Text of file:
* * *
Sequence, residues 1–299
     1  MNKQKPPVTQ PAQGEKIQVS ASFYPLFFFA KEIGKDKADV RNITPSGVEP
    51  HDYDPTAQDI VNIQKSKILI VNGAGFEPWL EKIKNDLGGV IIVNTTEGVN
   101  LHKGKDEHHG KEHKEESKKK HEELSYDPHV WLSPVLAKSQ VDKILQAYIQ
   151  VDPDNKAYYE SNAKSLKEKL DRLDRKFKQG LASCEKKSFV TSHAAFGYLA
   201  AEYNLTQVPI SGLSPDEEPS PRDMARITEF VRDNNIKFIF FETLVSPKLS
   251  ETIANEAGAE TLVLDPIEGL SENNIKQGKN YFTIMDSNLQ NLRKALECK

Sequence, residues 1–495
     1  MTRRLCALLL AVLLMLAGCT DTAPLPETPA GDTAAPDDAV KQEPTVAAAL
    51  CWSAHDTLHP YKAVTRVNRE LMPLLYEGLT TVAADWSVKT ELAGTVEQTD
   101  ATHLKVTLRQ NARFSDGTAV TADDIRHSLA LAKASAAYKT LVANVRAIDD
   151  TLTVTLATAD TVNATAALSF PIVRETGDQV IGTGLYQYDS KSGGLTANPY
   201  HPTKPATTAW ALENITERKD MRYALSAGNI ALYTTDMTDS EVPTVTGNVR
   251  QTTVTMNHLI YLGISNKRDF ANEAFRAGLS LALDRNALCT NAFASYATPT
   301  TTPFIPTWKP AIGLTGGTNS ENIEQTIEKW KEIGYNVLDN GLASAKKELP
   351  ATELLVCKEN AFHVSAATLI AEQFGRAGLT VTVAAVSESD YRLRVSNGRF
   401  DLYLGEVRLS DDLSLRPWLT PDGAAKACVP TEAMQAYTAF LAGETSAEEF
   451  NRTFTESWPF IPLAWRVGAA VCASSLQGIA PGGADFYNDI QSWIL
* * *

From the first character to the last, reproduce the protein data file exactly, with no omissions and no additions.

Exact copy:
Sequence, residues 1–299
     1  MNKQKPPVTQ PAQGEKIQVS ASFYPLFFFA KEIGKDKADV RNITPSGVEP
    51  HDYDPTAQDI VNIQKSKILI VNGAGFEPWL EKIKNDLGGV IIVNTTEGVN
   101  LHKGKDEHHG KEHKEESKKK HEELSYDPHV WLSPVLAKSQ VDKILQAYIQ
   151  VDPDNKAYYE SNAKSLKEKL DRLDRKFKQG LASCEKKSFV TSHAAFGYLA
   201  AEYNLTQVPI SGLSPDEEPS PRDMARITEF VRDNNIKFIF FETLVSPKLS
   251  ETIANEAGAE TLVLDPIEGL SENNIKQGKN YFTIMDSNLQ NLRKALECK

Sequence, residues 1–495
     1  MTRRLCALLL AVLLMLAGCT DTAPLPETPA GDTAAPDDAV KQEPTVAAAL
    51  CWSAHDTLHP YKAVTRVNRE LMPLLYEGLT TVAADWSVKT ELAGTVEQTD
   101  ATHLKVTLRQ NARFSDGTAV TADDIRHSLA LAKASAAYKT LVANVRAIDD
   151  TLTVTLATAD TVNATAALSF PIVRETGDQV IGTGLYQYDS KSGGLTANPY
   201  HPTKPATTAW ALENITERKD MRYALSAGNI ALYTTDMTDS EVPTVTGNVR
   251  QTTVTMNHLI YLGISNKRDF ANEAFRAGLS LALDRNALCT NAFASYATPT
   301  TTPFIPTWKP AIGLTGGTNS ENIEQTIEKW KEIGYNVLDN GLASAKKELP
   351  ATELLVCKEN AFHVSAATLI AEQFGRAGLT VTVAAVSESD YRLRVSNGRF
   401  DLYLGEVRLS DDLSLRPWLT PDGAAKACVP TEAMQAYTAF LAGETSAEEF
   451  NRTFTESWPF IPLAWRVGAA VCASSLQGIA PGGADFYNDI QSWIL